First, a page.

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Dockless Lime-E bikes clog public spaces in Calgary.

Joanne elves/The Globe and Mail

Inching along Memorial Drive during rush hour, I looked over to see a family of five on the path passing me on scooters. Three kids, whose ages range from 7 to 10, grinned as they sped along in front of their parents – all relishing the wind in their hair and the freedom provided by the new e-scooters that have recently hit the streets of Calgary. But as a helicopter mom, all I saw was the carnage and ensuing brain injuries waiting to happen. Maybe the image of a broken nose also went through the mind of the next gal to pass me as her rental e-scooter vibrated over the broken asphalt of the crosswalk. She stepped off and added it to the ragtag collection of black or green e-scooters cluttering the corner. Like many major cities in the world, Calgary, of all places, has joined the dockless ride-share craze.

In late fall 2018, Calgary welcomed a dockless bike-share pilot project to test until October, 2020. Last winter, 375 Lime-E bikes clogged the snowy sidewalks and seldom moved, but by spring, some people warmed up to the concept. The pilot is capping dockless bike sharing at 10,000 bikes across the city.

Now, e-scooters offered by both Lime and Bird have been introduced. Lime has scattered 1,000, while Bird has so far dropped 500. A third company has also been approved. Each company is permitted to leave 1,000 scooters on our sidewalks. That’s 3,000 in total that will be seemingly abandoned across the city because they only have enough juice for maybe 20 kilometres. Contracted “juicers” come out in the night to recharge and maybe relocate the units.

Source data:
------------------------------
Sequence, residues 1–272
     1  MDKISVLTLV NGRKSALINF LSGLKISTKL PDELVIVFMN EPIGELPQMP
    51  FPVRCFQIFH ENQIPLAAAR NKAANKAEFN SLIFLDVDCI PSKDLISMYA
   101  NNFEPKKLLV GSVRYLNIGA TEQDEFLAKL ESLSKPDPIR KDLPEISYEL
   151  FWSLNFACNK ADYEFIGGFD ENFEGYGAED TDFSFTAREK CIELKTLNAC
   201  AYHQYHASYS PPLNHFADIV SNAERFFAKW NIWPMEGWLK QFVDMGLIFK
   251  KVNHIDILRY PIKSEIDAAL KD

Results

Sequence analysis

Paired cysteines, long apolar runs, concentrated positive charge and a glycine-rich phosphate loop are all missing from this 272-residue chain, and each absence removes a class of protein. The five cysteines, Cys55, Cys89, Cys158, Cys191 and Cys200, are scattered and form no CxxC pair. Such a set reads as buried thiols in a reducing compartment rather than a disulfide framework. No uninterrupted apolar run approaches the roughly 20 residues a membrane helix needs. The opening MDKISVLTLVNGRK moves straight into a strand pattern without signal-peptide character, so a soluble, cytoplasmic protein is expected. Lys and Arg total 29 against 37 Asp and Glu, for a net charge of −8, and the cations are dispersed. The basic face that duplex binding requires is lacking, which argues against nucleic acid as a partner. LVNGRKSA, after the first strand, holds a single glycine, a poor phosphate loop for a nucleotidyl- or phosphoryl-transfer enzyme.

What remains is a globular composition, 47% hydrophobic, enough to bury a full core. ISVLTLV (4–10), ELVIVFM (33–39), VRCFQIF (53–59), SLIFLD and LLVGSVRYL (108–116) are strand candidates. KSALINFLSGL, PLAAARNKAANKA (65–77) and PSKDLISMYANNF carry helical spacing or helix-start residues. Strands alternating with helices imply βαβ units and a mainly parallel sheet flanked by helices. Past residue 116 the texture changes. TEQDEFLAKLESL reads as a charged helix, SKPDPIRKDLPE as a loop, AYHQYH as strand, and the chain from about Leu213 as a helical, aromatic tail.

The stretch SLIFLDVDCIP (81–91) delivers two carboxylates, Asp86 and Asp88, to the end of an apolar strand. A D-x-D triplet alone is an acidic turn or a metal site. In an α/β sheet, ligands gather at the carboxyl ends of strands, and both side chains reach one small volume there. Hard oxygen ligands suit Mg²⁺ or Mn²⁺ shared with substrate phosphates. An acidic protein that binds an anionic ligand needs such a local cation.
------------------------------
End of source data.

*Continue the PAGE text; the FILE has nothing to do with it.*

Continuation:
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The ride-share scooters and bikes are supposed to be left off the path, off private land and away from doorways – not in alleyways and, ahem, out of the river. I’d like to know who is going to drag the drowned rentals from the Bow River that are tossed nightly from the Peace Bridge. Contractors paid by the piece are not going to go wading.

Here’s the funny part. The bylaws for e-scooters recently changed. According to the webpage of the City of Calgary’s transportation department, operating an e-scooter on the busiest sidewalks and bike lanes in the central business district (CBD) is okay. So buzzing up behind a cluster of pedestrians on Stephen Avenue at noon and ringing a bell to demand them to scatter is okay now? It sounds unsafe for the noon-hour crowd. And does anyone know where the CBD ends? E-scooters are tormenting people on pathways in the suburbs, too.

Here’s the not-so-funny part. Within the first two weeks of scooters on the loose, 60 patients with e-scooter-related injuries were wheeled into Calgary’s emergency rooms. And that’s no surprise. Watching scooters whiz by at Eau Claire Market with two people aboard while playing Frogger with the lunchtime crowd is the newest local entertainment. Riding tandem is against the rules, as is letting minors use them, but that doesn’t stop anyone. Who will the parents blame when their carefree, helmetless kids cartwheel into traffic?

The councillors for Calgary don’t want the pilot to fail. Councillor Druh Farrell is all for making the city more user-friendly and tweets a terse “Don’t mess this up.” And Nathan Carswell, manager of the city’s shared mobility program, says Calgary may tweak the program to address major issues.

The dockless model failed in China. Mobike, Ofo, Bluegogo and Xiaoming bikes clogged sidewalks, causing the government to enact new bylaws and haul off the units that didn’t comply. Millions of those bikes are now in rusting heaps, as are many of the companies. It appears China likes the control of the docking system better.

So, what will happen in Calgary when the honeymoon is over and people stop going for joy rides? Will the ride-share model work in a city where the season for skinny tires is short? Seeing the bikes vandalized, pushed over for fun and take a beating in the first few weeks proves that the units can’t pay for themselves unless users show some respect. If the scooters are stored during the winter, the margin for profit is smaller than the tires. Let’s hope their pedal-powered cousins can ride out the winter.

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